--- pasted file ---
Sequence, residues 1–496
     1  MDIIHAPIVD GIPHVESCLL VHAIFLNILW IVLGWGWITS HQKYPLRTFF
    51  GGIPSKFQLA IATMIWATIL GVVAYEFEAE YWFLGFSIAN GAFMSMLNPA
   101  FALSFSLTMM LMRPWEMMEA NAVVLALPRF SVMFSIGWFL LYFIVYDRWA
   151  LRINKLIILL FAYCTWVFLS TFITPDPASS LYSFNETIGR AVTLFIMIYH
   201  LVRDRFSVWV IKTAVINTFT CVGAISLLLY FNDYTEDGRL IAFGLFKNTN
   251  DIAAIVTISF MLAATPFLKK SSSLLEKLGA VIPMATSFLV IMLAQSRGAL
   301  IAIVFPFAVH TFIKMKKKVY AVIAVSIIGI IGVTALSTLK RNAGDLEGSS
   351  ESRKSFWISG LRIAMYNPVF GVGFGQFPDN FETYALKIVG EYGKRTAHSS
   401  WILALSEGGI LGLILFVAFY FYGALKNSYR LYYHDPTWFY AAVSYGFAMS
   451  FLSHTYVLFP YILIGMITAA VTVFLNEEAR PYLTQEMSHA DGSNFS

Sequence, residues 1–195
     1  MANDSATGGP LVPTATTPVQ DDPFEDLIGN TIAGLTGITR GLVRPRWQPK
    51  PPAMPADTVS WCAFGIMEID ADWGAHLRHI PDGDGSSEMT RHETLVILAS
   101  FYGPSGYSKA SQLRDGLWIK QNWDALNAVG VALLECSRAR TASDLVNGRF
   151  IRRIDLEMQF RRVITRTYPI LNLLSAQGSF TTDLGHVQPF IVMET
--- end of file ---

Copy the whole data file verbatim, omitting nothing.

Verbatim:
Sequence, residues 1–496
     1  MDIIHAPIVD GIPHVESCLL VHAIFLNILW IVLGWGWITS HQKYPLRTFF
    51  GGIPSKFQLA IATMIWATIL GVVAYEFEAE YWFLGFSIAN GAFMSMLNPA
   101  FALSFSLTMM LMRPWEMMEA NAVVLALPRF SVMFSIGWFL LYFIVYDRWA
   151  LRINKLIILL FAYCTWVFLS TFITPDPASS LYSFNETIGR AVTLFIMIYH
   201  LVRDRFSVWV IKTAVINTFT CVGAISLLLY FNDYTEDGRL IAFGLFKNTN
   251  DIAAIVTISF MLAATPFLKK SSSLLEKLGA VIPMATSFLV IMLAQSRGAL
   301  IAIVFPFAVH TFIKMKKKVY AVIAVSIIGI IGVTALSTLK RNAGDLEGSS
   351  ESRKSFWISG LRIAMYNPVF GVGFGQFPDN FETYALKIVG EYGKRTAHSS
   401  WILALSEGGI LGLILFVAFY FYGALKNSYR LYYHDPTWFY AAVSYGFAMS
   451  FLSHTYVLFP YILIGMITAA VTVFLNEEAR PYLTQEMSHA DGSNFS

Sequence, residues 1–195
     1  MANDSATGGP LVPTATTPVQ DDPFEDLIGN TIAGLTGITR GLVRPRWQPK
    51  PPAMPADTVS WCAFGIMEID ADWGAHLRHI PDGDGSSEMT RHETLVILAS
   101  FYGPSGYSKA SQLRDGLWIK QNWDALNAVG VALLECSRAR TASDLVNGRF
   151  IRRIDLEMQF RRVITRTYPI LNLLSAQGSF TTDLGHVQPF IVMET